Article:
Where is the love?
No union protest is complete without a gimmick - usually a large papier mache puppet of the object of ire - and yesterday's strike at Halesowen College in the West Midlands was no exception.
Protesters planned to deliver a 12,000-name petition to reinstate David Muritu, sacked maths lecturer and branch secretary of the University and College Union, in the form of a giant Valentine's Day card. Because nothing says "I love you" like an industrial dispute over whether someone was fairly given the boot.
We shall have to wait and see whether principal Keith Bate was moved, or whether he expected flowers, chocolates and a nice meal out instead.
But the omens are not good. You know who else tried to change the mind of someone in power? The original St Valentine, who according to one story was tolerated by Roman authorities while he illegally conducted Christian marriages, until he tried to convert the emperor. He was beaten with clubs and stones, then beheaded.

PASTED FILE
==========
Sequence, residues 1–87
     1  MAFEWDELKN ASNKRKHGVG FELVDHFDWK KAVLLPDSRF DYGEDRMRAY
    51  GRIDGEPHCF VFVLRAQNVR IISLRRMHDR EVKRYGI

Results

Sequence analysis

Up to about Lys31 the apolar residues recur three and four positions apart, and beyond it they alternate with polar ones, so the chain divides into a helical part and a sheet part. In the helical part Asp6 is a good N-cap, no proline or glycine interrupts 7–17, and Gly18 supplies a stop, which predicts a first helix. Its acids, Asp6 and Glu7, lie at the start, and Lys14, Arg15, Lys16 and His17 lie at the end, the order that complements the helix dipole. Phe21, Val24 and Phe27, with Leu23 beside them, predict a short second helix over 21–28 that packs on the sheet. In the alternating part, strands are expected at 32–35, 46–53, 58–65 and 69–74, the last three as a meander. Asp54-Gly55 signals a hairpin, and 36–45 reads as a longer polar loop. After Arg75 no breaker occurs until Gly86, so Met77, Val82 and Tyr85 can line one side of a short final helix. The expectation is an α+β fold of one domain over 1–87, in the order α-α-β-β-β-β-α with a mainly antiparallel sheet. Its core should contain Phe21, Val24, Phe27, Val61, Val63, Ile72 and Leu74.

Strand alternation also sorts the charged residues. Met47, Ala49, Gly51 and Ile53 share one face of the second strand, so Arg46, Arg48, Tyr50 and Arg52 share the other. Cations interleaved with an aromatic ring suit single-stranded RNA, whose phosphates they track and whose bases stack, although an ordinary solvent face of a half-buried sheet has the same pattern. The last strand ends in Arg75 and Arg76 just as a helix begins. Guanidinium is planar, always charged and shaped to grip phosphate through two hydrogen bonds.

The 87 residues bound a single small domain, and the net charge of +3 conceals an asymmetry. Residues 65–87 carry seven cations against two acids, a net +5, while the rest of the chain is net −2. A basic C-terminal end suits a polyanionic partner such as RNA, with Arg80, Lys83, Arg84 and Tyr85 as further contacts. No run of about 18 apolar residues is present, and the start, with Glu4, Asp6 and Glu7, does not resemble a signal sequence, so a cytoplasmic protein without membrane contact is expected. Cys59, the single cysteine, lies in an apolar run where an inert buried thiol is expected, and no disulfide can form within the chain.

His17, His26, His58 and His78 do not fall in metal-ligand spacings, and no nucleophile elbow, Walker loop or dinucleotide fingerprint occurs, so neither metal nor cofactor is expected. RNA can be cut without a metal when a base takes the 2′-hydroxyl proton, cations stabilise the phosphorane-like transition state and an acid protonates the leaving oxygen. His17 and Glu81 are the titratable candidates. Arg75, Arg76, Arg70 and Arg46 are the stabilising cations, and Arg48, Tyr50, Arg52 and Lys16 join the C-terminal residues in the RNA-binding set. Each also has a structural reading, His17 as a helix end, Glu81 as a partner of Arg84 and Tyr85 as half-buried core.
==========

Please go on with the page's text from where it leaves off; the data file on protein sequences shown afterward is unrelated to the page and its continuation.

Like the course of true love, this one could go either way.
There really is no such thing as a free lunch
More news from the Department of Giving with One Hand and Taking with the Other: pupils in colleges will be eligible for free meals. But wait!
It doesn't apply if they are over 16. That long-standing injustice remains. But FErret had expected that pupils aged 14 and 15, who can be recruited under the new rules from September, would also be out of luck. Incorrect: they will be eligible for free meals in college. And colleges will be identifying eligible students anyway in order to be able to claim their #163;900 pupil premium.
But here's the catch: there's no separate funding. Instead, colleges have to pay for meals out of the pupil premium, which is supposed to be for education rather than lunch.
There is a story about a thrifty former football chairman who once ostentatiously ordered champagne for the players to celebrate a victory, then disappeared and left them the bill. Perhaps someone at the Department for Education is a fan.